Siena and Annette present a wilderness ‘getaway’ and invite you to do the same, sharing your personal wilderness ‘getaways’; where’ and ‘why ‘ , here in the comments section and on the Thinking Wilderness Facebook page.
Gently guided by R.W. Service’s poem, The Call of the Wild a route-map is offered, provoking us to step away from our busy 21st Century lives for a moment and think wilderness. We hope you join them in building a digital wilderness tour. Read More…
This week our featured Wilderness Thinker is Jim O’Donnell. Jim is an award-winning author and photographer and currently the Jack Williamson Endowed Chair for Literature at Eastern New Mexico University. Jim’s travels have taken him to over 40 countries and this week his feature presents his travels from the heart of European Wilderness, the Tatra Mountains, the natural border between Slovakia and Poland.
Jim reflects on the concept of American wilderness and its nascent European counterpart and the challenges it faces. Jim’s stunning photography and thoughtful text are reminders that for many the physical world is viewed simply as a resource with destruction never far away. In the face of such challenges, people like Vlado and Gudrun are part of the international commitment to sensitive conservation. Read More….
Digital image still from featured video work, Down, Up, Down: Pine Mountain Breathing (2014)
This week’s featured wilderness thinker is Zoé Strecker, artist, writer and art professor. Zoé’s ‘multi-modal thinking’ is consolidated through her durational exploration of Pine Mountain, a ridge in the Appalachian Mountains that runs through Kentucky, Virginia and Tennessee. Pine Mountainrepresents the last great contiguous stretch of unfragmented forest in Kentucky, breached only by six roads in 110 miles and is also a significant unprotected wilderness area.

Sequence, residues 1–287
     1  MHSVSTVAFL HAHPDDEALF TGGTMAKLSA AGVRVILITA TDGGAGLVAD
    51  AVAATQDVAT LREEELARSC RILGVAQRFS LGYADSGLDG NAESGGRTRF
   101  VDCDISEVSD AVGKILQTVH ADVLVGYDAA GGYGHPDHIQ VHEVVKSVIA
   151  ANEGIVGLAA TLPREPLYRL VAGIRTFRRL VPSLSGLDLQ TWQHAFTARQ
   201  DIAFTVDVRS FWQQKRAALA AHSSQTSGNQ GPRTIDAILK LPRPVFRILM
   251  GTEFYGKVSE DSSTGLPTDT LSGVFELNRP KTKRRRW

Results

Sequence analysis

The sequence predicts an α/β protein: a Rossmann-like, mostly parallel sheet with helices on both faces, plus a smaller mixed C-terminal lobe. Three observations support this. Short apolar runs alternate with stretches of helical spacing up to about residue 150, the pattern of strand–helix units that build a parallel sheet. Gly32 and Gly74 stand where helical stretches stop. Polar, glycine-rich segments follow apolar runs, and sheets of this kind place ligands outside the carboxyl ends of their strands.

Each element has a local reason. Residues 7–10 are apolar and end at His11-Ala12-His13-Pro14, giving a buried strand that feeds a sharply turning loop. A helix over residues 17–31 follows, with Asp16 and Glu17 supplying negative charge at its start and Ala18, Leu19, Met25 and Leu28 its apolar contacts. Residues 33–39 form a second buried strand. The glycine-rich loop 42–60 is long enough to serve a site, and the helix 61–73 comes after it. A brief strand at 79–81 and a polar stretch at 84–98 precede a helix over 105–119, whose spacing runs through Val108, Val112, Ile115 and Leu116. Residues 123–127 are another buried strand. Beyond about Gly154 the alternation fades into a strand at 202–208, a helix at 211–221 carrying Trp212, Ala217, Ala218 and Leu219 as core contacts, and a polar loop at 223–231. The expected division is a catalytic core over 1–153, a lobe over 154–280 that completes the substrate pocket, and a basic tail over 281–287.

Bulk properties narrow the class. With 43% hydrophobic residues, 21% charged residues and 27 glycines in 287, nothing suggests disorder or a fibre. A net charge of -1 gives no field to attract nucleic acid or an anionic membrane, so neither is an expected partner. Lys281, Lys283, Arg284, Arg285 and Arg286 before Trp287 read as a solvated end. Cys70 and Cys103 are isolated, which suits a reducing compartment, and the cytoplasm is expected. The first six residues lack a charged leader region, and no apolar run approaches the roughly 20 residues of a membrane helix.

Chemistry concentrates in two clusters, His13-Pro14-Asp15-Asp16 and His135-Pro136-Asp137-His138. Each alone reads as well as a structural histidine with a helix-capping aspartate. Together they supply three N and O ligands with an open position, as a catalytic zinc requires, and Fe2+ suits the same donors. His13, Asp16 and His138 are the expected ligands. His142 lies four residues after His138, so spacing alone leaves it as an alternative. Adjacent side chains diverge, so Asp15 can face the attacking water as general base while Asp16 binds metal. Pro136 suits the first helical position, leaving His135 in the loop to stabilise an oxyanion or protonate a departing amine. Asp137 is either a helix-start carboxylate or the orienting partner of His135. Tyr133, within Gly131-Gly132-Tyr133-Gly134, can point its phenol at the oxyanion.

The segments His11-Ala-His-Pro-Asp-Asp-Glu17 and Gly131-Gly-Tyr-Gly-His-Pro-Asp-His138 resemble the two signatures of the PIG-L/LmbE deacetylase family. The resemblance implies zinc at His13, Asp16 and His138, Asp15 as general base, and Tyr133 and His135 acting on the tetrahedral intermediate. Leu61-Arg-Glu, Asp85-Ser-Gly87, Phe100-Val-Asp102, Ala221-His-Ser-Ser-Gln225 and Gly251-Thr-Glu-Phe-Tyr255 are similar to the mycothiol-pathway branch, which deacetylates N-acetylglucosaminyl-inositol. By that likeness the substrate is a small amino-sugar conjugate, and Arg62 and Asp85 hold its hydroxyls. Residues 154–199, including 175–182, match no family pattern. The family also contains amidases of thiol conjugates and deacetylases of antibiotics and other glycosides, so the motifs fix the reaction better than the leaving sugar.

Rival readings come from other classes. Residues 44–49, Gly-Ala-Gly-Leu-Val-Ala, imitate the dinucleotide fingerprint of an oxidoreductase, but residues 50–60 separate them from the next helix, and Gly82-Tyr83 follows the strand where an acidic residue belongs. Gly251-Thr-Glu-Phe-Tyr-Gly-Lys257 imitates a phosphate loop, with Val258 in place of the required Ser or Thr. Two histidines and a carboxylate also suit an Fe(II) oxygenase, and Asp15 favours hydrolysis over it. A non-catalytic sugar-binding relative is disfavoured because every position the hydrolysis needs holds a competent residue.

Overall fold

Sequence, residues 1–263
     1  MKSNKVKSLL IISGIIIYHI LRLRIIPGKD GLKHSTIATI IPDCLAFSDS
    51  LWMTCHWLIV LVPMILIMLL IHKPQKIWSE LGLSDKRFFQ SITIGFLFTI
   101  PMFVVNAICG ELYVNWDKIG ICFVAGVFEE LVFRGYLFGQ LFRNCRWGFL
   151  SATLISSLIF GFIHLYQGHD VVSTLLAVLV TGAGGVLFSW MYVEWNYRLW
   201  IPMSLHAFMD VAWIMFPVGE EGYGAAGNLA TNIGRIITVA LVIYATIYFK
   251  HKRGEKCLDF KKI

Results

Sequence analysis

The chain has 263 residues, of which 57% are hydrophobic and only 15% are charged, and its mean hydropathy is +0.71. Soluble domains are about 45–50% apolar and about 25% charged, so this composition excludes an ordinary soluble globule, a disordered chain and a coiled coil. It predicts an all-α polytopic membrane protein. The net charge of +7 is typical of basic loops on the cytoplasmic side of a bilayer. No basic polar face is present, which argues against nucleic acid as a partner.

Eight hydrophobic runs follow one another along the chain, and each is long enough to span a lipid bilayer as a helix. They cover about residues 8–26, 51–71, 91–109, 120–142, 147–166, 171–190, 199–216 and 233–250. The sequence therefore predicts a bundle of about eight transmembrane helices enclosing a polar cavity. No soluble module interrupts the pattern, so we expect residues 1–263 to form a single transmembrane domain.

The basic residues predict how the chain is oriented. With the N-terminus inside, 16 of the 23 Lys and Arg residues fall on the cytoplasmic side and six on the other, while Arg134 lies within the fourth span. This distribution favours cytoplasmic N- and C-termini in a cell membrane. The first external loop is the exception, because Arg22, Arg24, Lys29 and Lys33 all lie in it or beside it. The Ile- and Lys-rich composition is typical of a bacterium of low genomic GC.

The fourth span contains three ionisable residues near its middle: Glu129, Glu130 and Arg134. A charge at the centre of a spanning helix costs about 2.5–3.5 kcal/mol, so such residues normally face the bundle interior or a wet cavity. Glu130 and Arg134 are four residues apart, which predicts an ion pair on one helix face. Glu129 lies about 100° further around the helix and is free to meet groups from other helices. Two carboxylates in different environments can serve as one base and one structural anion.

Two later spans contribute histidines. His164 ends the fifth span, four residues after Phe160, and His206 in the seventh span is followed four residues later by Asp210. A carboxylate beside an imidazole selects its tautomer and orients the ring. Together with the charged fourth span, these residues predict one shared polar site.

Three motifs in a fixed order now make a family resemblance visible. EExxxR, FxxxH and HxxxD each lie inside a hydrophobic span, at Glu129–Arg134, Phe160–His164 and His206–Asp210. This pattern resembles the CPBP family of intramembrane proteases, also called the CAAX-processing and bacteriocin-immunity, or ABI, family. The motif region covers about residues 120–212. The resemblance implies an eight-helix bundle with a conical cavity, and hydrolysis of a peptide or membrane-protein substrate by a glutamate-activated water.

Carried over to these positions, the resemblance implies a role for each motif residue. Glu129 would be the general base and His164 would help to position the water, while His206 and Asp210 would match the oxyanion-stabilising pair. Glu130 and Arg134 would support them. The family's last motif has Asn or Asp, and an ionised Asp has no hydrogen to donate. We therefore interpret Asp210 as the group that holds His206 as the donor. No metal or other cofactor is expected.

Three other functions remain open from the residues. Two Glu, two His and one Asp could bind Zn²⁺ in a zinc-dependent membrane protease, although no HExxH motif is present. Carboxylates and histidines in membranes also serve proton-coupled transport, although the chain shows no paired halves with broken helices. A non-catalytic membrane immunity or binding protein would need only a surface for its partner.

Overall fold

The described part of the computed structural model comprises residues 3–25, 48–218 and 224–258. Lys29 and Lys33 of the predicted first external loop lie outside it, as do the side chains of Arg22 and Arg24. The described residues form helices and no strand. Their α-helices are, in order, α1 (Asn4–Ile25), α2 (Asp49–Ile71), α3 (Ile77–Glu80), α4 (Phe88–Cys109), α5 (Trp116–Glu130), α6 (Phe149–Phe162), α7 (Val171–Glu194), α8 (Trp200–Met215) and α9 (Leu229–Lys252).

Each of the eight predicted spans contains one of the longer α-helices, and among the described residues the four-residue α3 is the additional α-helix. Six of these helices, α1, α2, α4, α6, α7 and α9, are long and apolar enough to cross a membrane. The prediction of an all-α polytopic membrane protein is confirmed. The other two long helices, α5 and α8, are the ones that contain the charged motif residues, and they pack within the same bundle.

Zoé’s engagement develops a mindful ecology around Pine Mountain extending her wilderness thinking into other communities through the students and volunteers with whom she works and collaborates, which includes SITE, an arts-led interdisciplinary educational collaboration with philosopher, Prof. Peter S. Fosl at Transylvania University, Lexington, Kentucky. This exploration of Pine Mountain generates creative and scholarly responses along with Zoé’s personal arts practice, which celebrates the exceptional biodiversity of Pine Mountain in southeastern Kentucky. Read More….
Sundews, Prince William Sound. Image: Marybeth Holleman
This weeks featured thinker, writer and teacher Marybeth Holleman grew up in North Carolina’s Appalachian mountains and transplanted to Alaska’s Chugach mountains after falling head over heels for Prince William Sound. “As a writer,” she says, “I owe it all to natural places.” It’s there that we meet the real world unmediated by daily distractions, and rediscover our proper scale in the greater scheme of life. Art, in all its forms, can help lead the way, and wilderness, as this week’s featured thinker reminds us, is an inspiration. Read more….
Tobi Luck is a gardener, living and working on the edge of the wild Atlantic, in County Sligo. His garden exists in a constant dynamic; the gentle sensitive cultivation and management of growing food against an uncontrollable elemental backdrop of an edge-dwelling location.
Between land and sea, Tobi has created a niche that exists alongside wilderness. This week’s featured thinker reminds of our interdependence with a system that does not rely on us. Read more….
Grand Staircase, Escalente National Monument, Utah. Image: Phil Hanceford, 2008
Phil Hanceford is the Assistant Director, of The Wilderness Society’s BLM Action Center and uses his knowledge of natural resource law and policy to protect desert wildlands in the West stewarded by the Bureau of Land Management. This article co-written with his colleague, Nada Culver, senior counsel and director presents the BLM’s work to protect desert wilderness.
Illustrated with Phil’s beautiful images, the article relates the ‘coming-of-age story about an agency that was late to receive the responsibilities of its sibling agencies’.